Baptist World Alliance
Heritage & Identity Commission
From Honolulu 2010 to Durban 2015
’The grace of goodness’
Baptist pastor and activist, Sydney
by Ken Manley and Barbara Coe
Rev John Saunders (1806–59) was the pioneer Baptist pastor in Sydney from 1834 to 1848. As well as establishing the first Baptist Church at Bathurst Street in 1836 he became a leading figure in the religious and moral life of the colony. A prominent activist in the temperance movement at a time when alcohol was still a major scourge, he was also a courageous and outspoken critic of the treatment of Aborigines by many British settlers at the fevered time of the trial of white men for the Myall Creek murders.
The special feature of this book is that it not only tells the full story of Saunders’ numerous activities on behalf of missions, philanthropic, scientific and moral issues, but for the first time publishes a comprehensive and carefully edited collection of his fascinating letters, written whilst he was travelling as chaplain to female convicts aboard the George Hibbert and after his arrival in Sydney. Other lectures and sermons, including his famous denunciation of the treatment of Aborigines, are included. Saunders also contributed to contemporary debates about crucial topics such as general education for children and the transportation of convicts. Whenever possible, the authors have allowed Saunders to speak for himself on the key issues that helped shape the colony during the crucial years of his ministry. The detailed notes about all who feature in his letters and papers are of special value.
During Saunders’ 13 years in Sydney, he came to love his new home. Following his death in London in 1859, his headstone revealed that he had become ‘one whose energies were devoted to the best interests of that bright land’.
Ken Manley and Barbara Coe have brought together original documents, commentary and research to produce not only a Baptist history, but a history of Sydney during these significant years.
‘This is a wonderful piece of writing incorporating biography, marvellous descriptions of colonial Sydney and exhaustive historical research into how Rev John Saunders tackled the burning issues of the early settlement in Australia’ (Rev Tim Costello, AM).
Published by Baptist Historical Society of NSW.
Price: (approx) AUS $35 +pp
Order on line: www.baptisthistory.org.au/shop
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International Conference on Baptist Studies VII
Luther King House, Manchester, England
15-18 July 2015
Following six successful International Conferences on Baptist Studies around the world beginning at Oxford in 1997, there is to be a seventh at Luther King House, Manchester, England, the home of the Northern Baptist Learning Community, from Wednesday 15 to Saturday 18 July 2015. All of these conferences have taken the history of the Baptists throughout the world as their subject matter, and participation has been open to all, both as speakers and attenders. The theme this time is ‘Baptists and Revival’, a topic which includes traditional revivals, modern crusades and the more general reinvigoration of Baptist life. The theme will be explored by means of case studies, some of which will be very specific in time and place while others will cover long periods and more than one country. All will be based on original research.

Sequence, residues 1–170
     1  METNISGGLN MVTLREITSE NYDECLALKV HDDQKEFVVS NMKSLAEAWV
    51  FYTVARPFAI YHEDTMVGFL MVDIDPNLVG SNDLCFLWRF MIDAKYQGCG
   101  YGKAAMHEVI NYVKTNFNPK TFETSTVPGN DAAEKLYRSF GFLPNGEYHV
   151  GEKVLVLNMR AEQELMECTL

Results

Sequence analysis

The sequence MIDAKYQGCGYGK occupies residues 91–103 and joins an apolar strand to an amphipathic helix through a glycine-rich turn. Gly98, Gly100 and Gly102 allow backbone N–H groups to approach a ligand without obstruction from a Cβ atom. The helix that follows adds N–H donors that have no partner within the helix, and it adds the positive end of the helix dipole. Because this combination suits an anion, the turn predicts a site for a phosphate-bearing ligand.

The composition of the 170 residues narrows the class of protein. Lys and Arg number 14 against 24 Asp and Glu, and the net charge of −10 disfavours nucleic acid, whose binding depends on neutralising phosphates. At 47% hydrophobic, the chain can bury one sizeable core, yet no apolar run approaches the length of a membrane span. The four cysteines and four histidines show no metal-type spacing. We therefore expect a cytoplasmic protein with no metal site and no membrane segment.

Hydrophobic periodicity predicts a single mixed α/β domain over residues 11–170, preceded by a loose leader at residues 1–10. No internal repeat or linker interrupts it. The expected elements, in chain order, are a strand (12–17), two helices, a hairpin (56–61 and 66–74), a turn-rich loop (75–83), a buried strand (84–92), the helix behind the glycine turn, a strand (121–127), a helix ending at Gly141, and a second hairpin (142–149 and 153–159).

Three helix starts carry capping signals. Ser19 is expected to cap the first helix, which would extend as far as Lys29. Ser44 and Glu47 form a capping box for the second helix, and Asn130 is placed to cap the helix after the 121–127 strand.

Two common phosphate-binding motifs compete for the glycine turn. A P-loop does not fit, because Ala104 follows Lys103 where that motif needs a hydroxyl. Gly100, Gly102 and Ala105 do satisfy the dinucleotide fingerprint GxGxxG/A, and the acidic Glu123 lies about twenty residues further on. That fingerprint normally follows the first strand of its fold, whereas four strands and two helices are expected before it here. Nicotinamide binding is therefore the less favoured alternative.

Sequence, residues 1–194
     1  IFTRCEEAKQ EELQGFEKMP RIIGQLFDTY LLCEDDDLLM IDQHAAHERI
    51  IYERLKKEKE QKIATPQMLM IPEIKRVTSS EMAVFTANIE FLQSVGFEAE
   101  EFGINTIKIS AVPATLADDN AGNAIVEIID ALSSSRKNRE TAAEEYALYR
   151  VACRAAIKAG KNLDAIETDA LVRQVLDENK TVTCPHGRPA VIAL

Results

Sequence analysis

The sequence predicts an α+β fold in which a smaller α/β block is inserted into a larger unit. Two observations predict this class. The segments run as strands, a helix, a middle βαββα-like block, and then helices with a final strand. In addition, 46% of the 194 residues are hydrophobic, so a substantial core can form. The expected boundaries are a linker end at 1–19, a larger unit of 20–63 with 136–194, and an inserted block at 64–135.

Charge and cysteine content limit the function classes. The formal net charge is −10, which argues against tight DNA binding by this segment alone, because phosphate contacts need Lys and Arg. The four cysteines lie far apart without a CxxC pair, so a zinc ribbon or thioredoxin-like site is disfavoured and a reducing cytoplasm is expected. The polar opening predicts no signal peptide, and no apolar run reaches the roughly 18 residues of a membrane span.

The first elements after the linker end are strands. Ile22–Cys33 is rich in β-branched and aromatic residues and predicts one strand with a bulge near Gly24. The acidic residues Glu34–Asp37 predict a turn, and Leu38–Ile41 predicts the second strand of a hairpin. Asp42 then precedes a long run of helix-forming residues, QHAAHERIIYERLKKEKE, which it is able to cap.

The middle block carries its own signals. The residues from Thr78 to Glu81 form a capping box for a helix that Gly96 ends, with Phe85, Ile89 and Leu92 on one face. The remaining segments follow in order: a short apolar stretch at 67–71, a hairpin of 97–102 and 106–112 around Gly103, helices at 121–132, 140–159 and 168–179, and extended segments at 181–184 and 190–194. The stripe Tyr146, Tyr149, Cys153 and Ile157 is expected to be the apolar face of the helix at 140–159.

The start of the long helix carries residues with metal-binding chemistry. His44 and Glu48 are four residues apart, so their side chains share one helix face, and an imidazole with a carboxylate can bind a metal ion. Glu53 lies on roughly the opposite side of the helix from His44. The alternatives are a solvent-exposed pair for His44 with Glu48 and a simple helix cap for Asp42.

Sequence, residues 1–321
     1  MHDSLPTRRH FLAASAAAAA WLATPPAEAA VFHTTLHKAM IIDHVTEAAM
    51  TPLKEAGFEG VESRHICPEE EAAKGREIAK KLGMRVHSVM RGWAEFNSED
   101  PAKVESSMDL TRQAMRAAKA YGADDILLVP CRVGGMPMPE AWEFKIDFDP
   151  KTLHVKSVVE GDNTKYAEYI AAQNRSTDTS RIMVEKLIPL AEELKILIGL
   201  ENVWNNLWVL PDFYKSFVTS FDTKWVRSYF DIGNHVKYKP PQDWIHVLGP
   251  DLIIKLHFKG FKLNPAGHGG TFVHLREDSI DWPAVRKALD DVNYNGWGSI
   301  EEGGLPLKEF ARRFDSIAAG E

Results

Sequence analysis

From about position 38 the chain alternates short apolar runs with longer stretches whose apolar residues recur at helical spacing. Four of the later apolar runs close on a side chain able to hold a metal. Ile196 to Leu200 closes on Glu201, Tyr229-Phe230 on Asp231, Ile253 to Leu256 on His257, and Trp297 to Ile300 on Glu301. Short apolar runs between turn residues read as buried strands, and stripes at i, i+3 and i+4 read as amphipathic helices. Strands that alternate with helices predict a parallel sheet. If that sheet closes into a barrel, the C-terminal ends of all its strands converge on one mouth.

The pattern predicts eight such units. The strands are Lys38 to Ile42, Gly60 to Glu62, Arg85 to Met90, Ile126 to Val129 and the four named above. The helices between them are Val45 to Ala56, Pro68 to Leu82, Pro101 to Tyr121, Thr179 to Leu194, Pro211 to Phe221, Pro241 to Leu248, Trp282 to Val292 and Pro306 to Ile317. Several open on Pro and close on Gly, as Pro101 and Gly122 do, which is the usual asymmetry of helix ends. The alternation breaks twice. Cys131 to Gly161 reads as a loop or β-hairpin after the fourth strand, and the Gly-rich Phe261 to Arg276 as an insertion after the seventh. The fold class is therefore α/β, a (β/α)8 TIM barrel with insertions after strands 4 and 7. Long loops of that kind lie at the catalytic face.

A number of main papers will address key aspects of the subject, but offers of short papers to last no more than 25 minutes in delivery are very much welcome as well. They should relate in some way to the theme of ‘Baptists and Revival’. The proposed title should be submitted to Professor D. W. Bebbington, School of History and Politics, University of Stirling, Stirling FK9 4LA, Scotland, United Kingdom (e-mail: firstname.lastname@example.org). Papers from the first conference have appeared as The Gospel in the World: International Baptist Studies, edited by David Bebbington, and volumes representing nearly all the subsequent conferences have also been published in the series of Studies in Baptist History and Thought published by Paternoster Press. We intend that a volume containing some of the papers will again appear after the seventh conference.
Luther King House is generously providing meals, accommodation and facilities for the three days for the remarkably low figure of £200. The capacity of the House is limited to 59 and so early booking is advisable. Nevertheless additional attenders will be welcome if they are willing to make their own bed and breakfast arrangements and pay £80 for lunch, dinner, refreshments and facilities at Luther King House. Registration forms are available here and from Beverley Bartram, Conference Office, Luther King House, Brighton Grove, Manchester M14 5JP, United Kingdom (e-mail: LKHConferenceOffice@lkh.co.uk; tel: +44 (0)161 249 2539). Further information is available from Nathan Finn, Associate Professor of Historical Theology and Baptist Studies at Southeastern Baptist Theological Seminary in Wake Forest, North Carolina (e-mail: email@example.com).